“Of course they haven’t white wine here…!  But there’s claret—famous claret, too, and the water in the big olla’s even cooler than the spring. They’ll have French dressing for the salad.  They have tomato soup even you couldn’t growl at, and roast chicken, with real potatoes, and petits pois, and corn, and olives; then salad cool as the spring; then there’s to be such an omelette soufflée—and coffee…!”

Repasts regularly went hand in hand with dances, known as “hops” in the military parlance of the Victorian era. Improvisation also extended to the musical accompaniment for those who wanted to trip the light fantastic. History records numerous examples of soldiers converting an interior of some otherwise ordinary space into a suitable site. Crossed sabers, guidons, candles and other decorations enhanced the ambience.  In turn, a  guitar, banjo, fiddle and some other locally available instrument were pressed into service as an impromptu orchestra.

At larger posts that served as regimental headquarters, military bands could be enjoyed. When these organizations fell prey to government neglect and lack of funding, several enterprising commanders obtained money to support a band and, in some cases, aggressively recruited martial musicians right off the boat from Europe. The bands helped pass idle hours for both those in uniform and local civilians, helping to build morale and enhance good relations with the community.

Not all recreation revolved around wholesome pursuits. Men living in barracks, as Rudyard Kipling observed, were not all plaster saints. Some drank to excess, and this problem could be found from high-ranking officer to the lowest private. Drunkenness and desertion were the twin plagues of the frontier Army. Gambling, fighting and pursuing ladies of the night also caused consternation among commanders intent on maintaining discipline and health.

To discourage bad habits, commanders sought to encourage socially acceptable activities that would boost esprit. Sports offered one avenue. Track and field events, baseball, football and even tennis (at least for officers) numbered among the athletic options. Where water was found, boating and ice skating could be pursued.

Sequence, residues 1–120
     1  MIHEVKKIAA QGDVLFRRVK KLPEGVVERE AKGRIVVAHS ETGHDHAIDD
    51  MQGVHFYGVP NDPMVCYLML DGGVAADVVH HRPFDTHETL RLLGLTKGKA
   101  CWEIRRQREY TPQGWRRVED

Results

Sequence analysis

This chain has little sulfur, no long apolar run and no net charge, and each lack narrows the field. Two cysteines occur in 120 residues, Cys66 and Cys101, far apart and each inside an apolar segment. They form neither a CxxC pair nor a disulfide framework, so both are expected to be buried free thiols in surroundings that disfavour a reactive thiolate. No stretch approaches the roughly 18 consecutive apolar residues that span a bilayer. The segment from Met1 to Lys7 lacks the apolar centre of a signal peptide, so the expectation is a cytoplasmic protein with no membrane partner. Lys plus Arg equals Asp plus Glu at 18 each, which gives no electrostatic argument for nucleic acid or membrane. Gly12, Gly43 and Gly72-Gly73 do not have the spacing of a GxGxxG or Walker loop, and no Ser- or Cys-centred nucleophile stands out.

If the out of doors was not one’s cup of tea, or when inclement weather prohibited enjoying nature, reading books in the post library or the privacy of quarters, reciting poetry, writing letters home, singing in the post chapel’s choir or a post musical group, escaping to another world via stereoscopes and even acting in or attending a play offered other means to while away the hours.

As Roe contended, life did not have to be gloomy or morose at a frontier Army post. Efforts to support a certain élan and to perpetuate the values soldiers and their wives brought with them from the East existed for those creative enough to fight boredom, an enemy faced more frequently by frontier soldiers than foes in the field.

Soldier on Bicycle
At Fort Randall in Dakota Territory (present-day South Dakota), Capt. Willis Wittich peddled along on his high wheeler, which required both skill and daring.
– Courtesy Robert L. Kothian Collection –


Soldiers playing Billiards
Pool, billiards, cards and, even in a few instances, bowling could pass time after hours and before “lights out” sounded.
– Courtesy Frontier Army Museum at Fort Leavenworth, Kansas –


Soldiers on Boat
Boating was an option for a pleasant outing only where sufficient water could be found; it was not available in the many arid areas of the frontier West.
– Courtesy U.S. Army Military History Institute –

John Langellier received his PhD in military history from Kansas State University. After a 45-year career in public history, he retired in Tucson, Arizona, in 2015. He is the author of dozens of books, including Fighting for Uncle Sam: Blacks in the Frontier Army, due out in early 2016.